In sub-Saharan Africa, about 30 million children are still missing out on primary school and 22 million teenagers are out of secondary school, missing out on vital skills for future employment. In 2010 in South Africa, almost nine out of ten young people were unemployed, with worse rates for those with less than a secondary education.
In Ghana in 2008, around one-half of young women and one-third of young men could not read a sentence even though they had spent six years in school.
Poor young populations, urban and rural, are the most in need of skills training. In urban areas, the youth population is larger than it has ever been and growing. Today, two thirds of Africa’s urban population live in slums where a lack of skills can confine young people to a life of subsistence work. However, the majority of the poor and least educated live in rural areas. In Cameroon, young people living in rural areas with no schooling are two and half times more likely to be earning $1.25 per day or less than those who have completed secondary education.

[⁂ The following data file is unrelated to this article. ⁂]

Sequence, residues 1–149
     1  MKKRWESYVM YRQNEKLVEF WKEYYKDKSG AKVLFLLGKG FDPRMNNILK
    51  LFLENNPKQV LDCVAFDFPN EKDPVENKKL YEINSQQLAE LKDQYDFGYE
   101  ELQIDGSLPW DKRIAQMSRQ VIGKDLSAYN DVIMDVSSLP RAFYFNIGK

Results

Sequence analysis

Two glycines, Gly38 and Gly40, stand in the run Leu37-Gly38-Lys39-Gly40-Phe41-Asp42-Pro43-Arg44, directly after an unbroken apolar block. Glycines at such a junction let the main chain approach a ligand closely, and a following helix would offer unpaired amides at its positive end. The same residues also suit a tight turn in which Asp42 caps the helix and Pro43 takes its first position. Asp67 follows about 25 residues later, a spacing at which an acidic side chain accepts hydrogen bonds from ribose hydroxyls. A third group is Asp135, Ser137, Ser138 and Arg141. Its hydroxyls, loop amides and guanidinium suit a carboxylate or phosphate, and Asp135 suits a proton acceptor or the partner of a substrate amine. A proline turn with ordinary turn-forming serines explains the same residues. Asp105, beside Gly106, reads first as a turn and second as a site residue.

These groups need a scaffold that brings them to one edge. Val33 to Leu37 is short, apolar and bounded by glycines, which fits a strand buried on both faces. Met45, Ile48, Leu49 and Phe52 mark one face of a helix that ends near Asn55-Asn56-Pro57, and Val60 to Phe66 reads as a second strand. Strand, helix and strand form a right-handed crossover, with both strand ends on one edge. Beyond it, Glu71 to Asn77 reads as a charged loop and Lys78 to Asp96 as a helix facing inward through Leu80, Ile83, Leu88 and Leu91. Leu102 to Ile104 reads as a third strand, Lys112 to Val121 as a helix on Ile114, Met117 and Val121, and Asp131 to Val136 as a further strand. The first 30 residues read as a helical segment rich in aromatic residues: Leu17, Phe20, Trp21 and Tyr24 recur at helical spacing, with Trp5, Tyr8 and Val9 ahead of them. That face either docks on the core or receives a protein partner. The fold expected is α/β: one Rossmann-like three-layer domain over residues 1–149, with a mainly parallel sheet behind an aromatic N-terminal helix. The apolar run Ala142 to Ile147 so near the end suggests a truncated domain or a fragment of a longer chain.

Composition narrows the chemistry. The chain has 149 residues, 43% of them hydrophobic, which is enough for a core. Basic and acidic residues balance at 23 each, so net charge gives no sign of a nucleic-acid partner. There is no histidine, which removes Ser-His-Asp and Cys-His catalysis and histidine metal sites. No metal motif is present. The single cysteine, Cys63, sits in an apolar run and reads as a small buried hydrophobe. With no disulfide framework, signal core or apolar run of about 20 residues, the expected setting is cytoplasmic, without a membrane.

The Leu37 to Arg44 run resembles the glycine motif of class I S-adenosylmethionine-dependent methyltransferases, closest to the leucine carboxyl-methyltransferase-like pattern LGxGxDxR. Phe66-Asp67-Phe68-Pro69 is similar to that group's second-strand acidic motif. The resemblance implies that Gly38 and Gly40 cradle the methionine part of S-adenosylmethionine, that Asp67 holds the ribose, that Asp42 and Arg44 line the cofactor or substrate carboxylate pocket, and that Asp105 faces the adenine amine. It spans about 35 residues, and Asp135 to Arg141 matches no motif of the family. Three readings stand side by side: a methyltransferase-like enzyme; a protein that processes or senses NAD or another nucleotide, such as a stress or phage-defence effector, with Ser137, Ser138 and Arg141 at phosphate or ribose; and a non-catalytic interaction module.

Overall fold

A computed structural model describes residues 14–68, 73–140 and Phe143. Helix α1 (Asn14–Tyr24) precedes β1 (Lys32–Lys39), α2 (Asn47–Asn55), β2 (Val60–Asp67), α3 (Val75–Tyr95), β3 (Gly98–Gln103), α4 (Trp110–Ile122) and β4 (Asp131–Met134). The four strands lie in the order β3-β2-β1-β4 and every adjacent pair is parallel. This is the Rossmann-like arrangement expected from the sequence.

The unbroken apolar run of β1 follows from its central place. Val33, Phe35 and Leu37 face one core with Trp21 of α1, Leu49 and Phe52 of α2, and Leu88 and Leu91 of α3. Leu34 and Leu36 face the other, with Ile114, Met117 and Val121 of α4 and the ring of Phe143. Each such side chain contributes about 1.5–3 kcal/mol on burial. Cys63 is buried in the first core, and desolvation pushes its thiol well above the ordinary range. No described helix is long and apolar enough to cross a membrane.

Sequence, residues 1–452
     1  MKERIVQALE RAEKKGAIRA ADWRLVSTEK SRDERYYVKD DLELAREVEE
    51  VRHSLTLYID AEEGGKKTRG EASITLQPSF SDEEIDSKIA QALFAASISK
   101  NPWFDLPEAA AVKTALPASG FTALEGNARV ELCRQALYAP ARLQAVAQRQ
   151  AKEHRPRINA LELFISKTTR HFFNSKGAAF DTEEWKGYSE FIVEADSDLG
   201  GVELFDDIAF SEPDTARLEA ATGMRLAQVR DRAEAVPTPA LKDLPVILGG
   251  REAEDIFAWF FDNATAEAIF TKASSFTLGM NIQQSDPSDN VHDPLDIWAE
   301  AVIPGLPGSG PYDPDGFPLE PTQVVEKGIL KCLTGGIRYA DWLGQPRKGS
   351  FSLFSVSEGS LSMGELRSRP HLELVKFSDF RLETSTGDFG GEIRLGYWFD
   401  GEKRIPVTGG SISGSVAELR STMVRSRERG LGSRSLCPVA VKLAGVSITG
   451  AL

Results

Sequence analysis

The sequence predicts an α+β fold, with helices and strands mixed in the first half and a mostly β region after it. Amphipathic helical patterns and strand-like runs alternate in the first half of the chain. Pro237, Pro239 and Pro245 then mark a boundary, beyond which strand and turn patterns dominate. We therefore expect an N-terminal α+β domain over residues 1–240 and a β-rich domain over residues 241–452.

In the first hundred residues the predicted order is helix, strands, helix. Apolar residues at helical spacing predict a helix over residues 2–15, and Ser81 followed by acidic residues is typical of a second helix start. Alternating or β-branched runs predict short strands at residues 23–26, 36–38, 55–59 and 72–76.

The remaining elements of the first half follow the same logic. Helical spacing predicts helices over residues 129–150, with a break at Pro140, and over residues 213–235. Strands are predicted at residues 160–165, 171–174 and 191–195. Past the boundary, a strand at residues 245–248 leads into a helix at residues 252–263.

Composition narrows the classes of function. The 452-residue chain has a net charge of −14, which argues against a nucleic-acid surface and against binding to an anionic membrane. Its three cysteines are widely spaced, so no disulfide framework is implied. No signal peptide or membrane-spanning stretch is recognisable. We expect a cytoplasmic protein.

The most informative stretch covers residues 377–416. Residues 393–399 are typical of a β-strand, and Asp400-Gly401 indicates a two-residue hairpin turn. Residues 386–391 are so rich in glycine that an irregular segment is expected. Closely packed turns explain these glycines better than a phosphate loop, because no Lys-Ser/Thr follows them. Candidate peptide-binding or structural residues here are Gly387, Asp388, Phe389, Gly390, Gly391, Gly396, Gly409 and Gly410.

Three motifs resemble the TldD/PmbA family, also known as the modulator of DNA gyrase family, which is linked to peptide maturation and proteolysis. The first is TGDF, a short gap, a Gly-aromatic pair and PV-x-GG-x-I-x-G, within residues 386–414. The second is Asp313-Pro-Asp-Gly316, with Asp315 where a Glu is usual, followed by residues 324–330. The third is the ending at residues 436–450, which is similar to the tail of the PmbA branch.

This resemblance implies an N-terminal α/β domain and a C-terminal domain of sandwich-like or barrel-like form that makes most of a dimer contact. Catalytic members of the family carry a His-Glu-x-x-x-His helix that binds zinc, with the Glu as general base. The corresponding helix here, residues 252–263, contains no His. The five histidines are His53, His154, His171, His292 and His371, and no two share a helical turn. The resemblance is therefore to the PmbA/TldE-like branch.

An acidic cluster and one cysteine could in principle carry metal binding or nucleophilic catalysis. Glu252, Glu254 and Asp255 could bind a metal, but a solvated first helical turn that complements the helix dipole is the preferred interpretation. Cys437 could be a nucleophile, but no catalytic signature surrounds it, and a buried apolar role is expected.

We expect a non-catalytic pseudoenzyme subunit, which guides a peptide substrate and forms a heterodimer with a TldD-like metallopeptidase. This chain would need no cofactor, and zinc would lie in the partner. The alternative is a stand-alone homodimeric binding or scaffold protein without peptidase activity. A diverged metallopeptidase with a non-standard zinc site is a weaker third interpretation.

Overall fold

Young poor African farmers struggle to make a living. The average size of 80% of African farms is less than 2 hectares. Vulnerable to climate change, many are in desperate need of even the most basic skills to protect their livelihoods. Those not in farmwork urgently need training in business and marketing to find new opportunities and reduce the obligation of migrating to cities in search of a job.
In some countries in sub-Saharan Africa, traditional apprenticeships are the main type of skills training for those not formally employed. In Senegal, young people were more than 40 times more likely to be trained through this route than in formal technical and vocational schooling. These apprenticeships need to be open to all: in Ghana, the poorest and least educated have a much slimmer chance of getting an apprenticeship while in Tanzania apprenticeships are dominated by men.